The gonfaloniere was a prestigious post in Italian medieval and Renaissance communities. Our gonfalonieres have a record of outstanding achievement at the university.

Jude Tunyi is receiving a Bachelor of Science in Biochemistry. His family immigrated to the U.S. from Cameroon, Africa when he was 10. He came to the University of Washington to gain the best education so that he can go back and improve the health care conditions of his home country. This led him to get involved in research, science and medicine at UW, which led him to his current major, at the intersection of all three areas. One of his highlights while at UW was doing computational research using molecular simulations which allowed him to travel to different conferences in various cities to present his research and engage with professional scientists. His research allowed him to be the recipient of prestigious awards including the Mary Gates Research Scholarship, the Levinson Emerging Scholar, a McNair Scholar, and Department of Chemistry and Biology Awards. Upon graduation, Jude will perform research at National Institutes of Health as part of a post-bac program before heading to medical school to obtain an MD/PhD in Neuroscience. In the future, he hopes to be able to work clinically with disadvantaged populations as well as to be able to do research to advance the field of neuroscience.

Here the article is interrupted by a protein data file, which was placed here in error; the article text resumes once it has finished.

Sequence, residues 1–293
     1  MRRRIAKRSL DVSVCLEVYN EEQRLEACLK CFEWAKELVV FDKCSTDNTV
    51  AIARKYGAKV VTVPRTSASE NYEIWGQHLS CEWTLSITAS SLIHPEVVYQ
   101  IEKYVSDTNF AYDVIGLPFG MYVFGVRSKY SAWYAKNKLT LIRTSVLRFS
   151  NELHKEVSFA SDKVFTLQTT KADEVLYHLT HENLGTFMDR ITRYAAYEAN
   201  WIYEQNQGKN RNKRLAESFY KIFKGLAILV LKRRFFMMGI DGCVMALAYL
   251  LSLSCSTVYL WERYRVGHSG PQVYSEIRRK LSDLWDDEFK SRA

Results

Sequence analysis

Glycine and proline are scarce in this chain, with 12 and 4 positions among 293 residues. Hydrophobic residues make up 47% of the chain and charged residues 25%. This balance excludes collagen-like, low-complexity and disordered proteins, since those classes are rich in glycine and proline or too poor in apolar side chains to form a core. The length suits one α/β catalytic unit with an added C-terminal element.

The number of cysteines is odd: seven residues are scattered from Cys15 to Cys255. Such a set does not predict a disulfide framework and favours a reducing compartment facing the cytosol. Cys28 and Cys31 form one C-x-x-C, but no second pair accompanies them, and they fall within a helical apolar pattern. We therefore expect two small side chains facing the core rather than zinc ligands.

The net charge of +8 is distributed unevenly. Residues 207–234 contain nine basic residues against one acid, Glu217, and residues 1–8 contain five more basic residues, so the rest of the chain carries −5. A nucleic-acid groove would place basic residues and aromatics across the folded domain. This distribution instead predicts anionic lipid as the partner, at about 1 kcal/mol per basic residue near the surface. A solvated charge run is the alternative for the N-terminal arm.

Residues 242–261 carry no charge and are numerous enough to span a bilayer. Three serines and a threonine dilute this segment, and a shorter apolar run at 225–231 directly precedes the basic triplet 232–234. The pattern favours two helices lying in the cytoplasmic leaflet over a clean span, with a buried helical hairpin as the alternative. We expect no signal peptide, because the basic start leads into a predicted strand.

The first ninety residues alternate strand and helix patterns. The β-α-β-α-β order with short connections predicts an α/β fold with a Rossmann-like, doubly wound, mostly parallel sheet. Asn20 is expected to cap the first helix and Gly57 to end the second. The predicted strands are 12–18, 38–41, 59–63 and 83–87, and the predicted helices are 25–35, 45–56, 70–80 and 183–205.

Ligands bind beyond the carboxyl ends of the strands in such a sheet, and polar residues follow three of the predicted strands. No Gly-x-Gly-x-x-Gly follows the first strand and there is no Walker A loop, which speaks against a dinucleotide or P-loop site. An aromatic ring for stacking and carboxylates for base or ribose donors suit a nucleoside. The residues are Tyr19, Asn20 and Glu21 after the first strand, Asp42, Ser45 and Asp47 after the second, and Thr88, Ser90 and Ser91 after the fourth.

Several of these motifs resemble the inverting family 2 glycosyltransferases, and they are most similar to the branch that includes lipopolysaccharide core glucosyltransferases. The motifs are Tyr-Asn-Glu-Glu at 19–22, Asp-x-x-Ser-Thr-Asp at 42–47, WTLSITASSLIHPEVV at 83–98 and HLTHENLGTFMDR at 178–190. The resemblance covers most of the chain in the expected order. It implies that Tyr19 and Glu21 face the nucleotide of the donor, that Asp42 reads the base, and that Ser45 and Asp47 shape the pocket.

2017 Awards for Distinguished Research in Chemistry & Biochemistry

Nineteen graduating seniors have been selected for the 2017 Awards for Distinguished Research in Chemistry and Biochemistry.